“While technology does have its place in safety, there is a lot of technology out there that could give a false sense of security if used incorrectly,” he said. “For example, there are armbands that warn track workers on the approach of a train. These only work if the battery is charged and if the transponders are working.”

Improvements in rail worker safety

According to the Association of American Railroads’ most recent data, in 2012 the rate of serious or fatal injuries among rail employees was down 85 percent from 1980 and 51 percent from 2000.

Pat Colliere, a safety officer in engineering for the New York Division of Amtrak, said changes in regulations, equipment and industry best practices are some of the reasons for the improvement:

  • Personal protective equipment requirements for workers who maintain and provide switching for rails have improved, as well as the brightness and reflectivity of warning devices, Colliere said.
  • The Federal Railroad Administration’s Roadway Worker Protection standards mandate minimum requirements in flagging, signaling, right-of-way work and use of equipment on tracks adjacent to workers.
  • An FRA rule issued in 2011 requires rail operations to adopt new on-track safety procedures, including improved train approach warnings and speed limits near work areas.

Employee role in safety

NTSB also has called out rail mass transit operations for not doing enough to incorporate worker input and information on near-miss incidents into their safety programs. These workers have special insight into unsafe work processes or hazards that could result in a severe incident at a future date, noted Jeff P. Kovacs, deputy general manager of the Rail Safety and Training Department for New Jersey Transit. Kovacs said workers also are a key source of information on workplace incidents that were never reported because they did not result in property damage or an injury, among other reasons.

However, workers are not likely to begin sharing their insight or information on near-miss incidents unless an open and non-punitive safety culture exists, Kovacs said. To build a stronger dialogue between workers and supervisors, he recommends the following:

  • Supervisors should encourage workers to report all hazards and incidents they witness, even those that normally would not be reported based on the Federal Railroad Administration’s reporting requirements.
  • Use training sessions on working safely on or near the rails to gather insight into what aspects of training workers do not comprehend, and then focus on those aspects in safety briefings and other training materials.
  • Rail operations should establish anonymous reporting systems to gather information on near-miss incidents in case workers are concerned about being penalized.

Hull noted that safety regulations among rail operations have better prioritized workers’ safety, including ones that allow rail workers to refuse to perform a work function they have a reason to believe would be unsafe or put them in danger. This places part of the responsibility on the workers, he said. According to Hull, rail workers under an effective workplace safety culture will do the following:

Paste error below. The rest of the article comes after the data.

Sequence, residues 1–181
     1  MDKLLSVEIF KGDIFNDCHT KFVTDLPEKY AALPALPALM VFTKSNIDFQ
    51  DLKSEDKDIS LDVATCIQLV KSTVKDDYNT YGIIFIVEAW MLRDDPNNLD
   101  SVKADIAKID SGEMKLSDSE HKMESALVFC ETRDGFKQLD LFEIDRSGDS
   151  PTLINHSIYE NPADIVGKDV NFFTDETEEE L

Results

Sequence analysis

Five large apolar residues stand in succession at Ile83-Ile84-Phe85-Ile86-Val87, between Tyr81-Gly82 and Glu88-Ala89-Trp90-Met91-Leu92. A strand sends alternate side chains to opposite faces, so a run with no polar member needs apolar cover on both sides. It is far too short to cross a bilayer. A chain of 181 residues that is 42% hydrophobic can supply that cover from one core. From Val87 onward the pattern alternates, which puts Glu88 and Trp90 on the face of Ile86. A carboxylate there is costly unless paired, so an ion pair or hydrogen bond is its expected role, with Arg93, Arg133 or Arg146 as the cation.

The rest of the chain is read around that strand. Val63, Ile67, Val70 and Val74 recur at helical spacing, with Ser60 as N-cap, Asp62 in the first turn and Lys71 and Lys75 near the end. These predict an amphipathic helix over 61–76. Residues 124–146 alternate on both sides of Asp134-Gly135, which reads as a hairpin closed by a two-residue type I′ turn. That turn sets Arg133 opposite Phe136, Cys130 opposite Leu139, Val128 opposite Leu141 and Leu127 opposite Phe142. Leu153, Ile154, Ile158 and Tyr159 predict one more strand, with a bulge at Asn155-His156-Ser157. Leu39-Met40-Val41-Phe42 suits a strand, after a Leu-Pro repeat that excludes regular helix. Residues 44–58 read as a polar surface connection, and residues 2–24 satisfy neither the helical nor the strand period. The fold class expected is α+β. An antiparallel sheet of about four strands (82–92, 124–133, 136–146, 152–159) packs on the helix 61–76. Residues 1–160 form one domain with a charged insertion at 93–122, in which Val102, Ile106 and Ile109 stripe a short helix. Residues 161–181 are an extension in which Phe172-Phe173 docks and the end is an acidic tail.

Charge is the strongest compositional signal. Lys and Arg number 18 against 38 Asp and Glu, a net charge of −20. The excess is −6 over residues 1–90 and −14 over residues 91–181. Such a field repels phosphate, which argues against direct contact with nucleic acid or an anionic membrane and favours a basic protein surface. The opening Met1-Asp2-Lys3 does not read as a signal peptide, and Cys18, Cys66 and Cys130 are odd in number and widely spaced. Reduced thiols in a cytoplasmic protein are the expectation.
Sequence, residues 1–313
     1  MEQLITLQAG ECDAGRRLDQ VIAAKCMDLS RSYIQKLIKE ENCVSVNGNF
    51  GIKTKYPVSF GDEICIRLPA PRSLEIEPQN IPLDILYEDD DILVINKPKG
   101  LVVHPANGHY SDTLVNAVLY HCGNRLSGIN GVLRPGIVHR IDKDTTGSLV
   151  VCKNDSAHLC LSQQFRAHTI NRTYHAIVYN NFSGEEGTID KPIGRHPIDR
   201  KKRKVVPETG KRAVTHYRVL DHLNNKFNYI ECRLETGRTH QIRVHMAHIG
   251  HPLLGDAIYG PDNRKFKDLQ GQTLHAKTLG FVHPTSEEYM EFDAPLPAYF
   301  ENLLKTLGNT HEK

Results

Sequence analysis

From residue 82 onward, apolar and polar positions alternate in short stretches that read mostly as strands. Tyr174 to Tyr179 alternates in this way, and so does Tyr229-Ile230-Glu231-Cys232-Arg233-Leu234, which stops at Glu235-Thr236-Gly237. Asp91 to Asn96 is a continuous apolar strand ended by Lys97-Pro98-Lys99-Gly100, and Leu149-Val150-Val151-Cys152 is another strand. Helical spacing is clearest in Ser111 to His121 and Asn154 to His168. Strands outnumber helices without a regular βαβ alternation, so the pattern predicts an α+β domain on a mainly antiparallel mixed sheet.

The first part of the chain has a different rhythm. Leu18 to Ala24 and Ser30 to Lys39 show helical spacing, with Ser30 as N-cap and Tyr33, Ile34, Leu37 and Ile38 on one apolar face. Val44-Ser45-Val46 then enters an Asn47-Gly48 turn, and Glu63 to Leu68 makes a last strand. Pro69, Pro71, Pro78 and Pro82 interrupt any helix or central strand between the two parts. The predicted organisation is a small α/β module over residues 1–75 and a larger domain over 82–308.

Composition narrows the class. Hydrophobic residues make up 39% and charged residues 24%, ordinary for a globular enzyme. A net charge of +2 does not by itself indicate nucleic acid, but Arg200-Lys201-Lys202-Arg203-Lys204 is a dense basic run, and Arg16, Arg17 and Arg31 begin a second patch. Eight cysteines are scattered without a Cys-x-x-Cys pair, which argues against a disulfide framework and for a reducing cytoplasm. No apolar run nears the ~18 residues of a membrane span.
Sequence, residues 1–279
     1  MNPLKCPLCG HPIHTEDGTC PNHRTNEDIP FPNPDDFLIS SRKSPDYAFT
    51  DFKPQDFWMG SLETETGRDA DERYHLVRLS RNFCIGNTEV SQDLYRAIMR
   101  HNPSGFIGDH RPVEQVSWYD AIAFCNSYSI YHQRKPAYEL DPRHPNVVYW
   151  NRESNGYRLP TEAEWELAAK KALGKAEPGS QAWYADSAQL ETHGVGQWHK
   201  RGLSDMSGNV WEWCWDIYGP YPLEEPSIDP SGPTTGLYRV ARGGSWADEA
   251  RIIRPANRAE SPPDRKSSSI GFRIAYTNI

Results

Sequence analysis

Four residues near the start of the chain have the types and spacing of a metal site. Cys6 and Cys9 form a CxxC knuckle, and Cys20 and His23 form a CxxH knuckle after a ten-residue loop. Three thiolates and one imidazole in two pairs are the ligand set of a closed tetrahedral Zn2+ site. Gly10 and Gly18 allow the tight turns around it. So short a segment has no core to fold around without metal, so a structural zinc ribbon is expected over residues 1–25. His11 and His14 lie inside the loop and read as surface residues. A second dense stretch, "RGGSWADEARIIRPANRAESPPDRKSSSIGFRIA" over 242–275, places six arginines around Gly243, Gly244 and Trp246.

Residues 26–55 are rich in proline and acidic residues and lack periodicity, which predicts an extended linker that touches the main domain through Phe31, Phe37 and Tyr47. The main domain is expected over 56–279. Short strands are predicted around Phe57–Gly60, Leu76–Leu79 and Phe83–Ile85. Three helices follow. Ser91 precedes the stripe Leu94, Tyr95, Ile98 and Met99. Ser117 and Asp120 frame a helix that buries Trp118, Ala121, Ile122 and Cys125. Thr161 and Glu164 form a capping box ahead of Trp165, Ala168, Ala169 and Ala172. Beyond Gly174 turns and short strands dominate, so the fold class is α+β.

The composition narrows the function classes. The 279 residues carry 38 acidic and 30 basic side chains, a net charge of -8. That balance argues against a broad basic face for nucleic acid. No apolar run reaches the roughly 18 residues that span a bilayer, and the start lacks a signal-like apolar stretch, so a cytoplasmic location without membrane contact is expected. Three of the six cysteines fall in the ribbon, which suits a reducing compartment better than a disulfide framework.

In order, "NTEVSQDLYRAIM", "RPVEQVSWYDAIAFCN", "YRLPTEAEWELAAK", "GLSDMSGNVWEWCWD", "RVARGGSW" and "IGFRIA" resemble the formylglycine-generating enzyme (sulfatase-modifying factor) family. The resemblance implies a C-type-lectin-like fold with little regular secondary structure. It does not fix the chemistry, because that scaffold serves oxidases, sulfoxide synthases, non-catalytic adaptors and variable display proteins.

• Feel comfortable asking questions about procedures or any aspects of work they are required to do
  • Ensure they are properly rested before work
  • Be familiar with the rules and regulations
  • Understand what is required with the safety measures needed to be in place
  • Monitor co-workers to ensure they are working safely

“The railroad can be a dangerous place to work, and it only takes a split second to cost a life,” Colliere said.

Tip of the rail ‘safety iceberg’

Jeff P. Kovacs, deputy general manager of the Rail Safety and Training Department for New Jersey Transit, describes the fatal incidents in New York in 2013 and Chatsworth, CA, in 2008 as the tip of a “safety iceberg.” For every major incident or fatality, he said, it is likely that hundreds of less serious incidents came before it. And many were probably never reported because they were below the Federal Railroad Administration’s reporting threshold level.

In its list of “Most Wanted” safety improvements for 2014, the National Transportation Safety Board recommended rail mass transit agencies look to these near misses as a wealth of information on the roles of human error in incidents.

“The improved knowledge should be put to work by refining and strengthening operational policies, practices and procedures to manage and mitigate the safety risks,” NTSB stated.

One such way is through the Confidential Close Call Report System, which New Jersey Transit and three other major rail operations implemented as part of an FRA pilot program in the late 2000s.

At the CCCRS pilot sites, workers could submit near-miss reports through a neutral third party that removed all identifying information from the reports. They then went on to a committee comprising labor, management and FRA that identified root causes for the incidents detailed in the reports. The committee then proposed corrective actions that could be communicated back to the railroads.

As a result, New Jersey Transit incorporated results of CCCRS into the safety briefings for workers. It also redesigned safety checklists and began meeting more frequently with employees about things that could be improved at work. CCCRS allowed the operation to tailor information to what crewmembers needed to know, increasing the effectiveness of the safety program, Kovacs said.

The program not only enhanced communications among co-workers and between supervisors and front-line workers, it enhanced everyone’s safety awareness, he said. CCCRS informed safety professionals at New Jersey Transit about safety deficiencies and safety hazards they would not have known about otherwise.

“It’s difficult to quantify how much safety improvement was related to CCCRS,” he said. “It’s mostly, from our standpoint, about having healthier safety awareness.”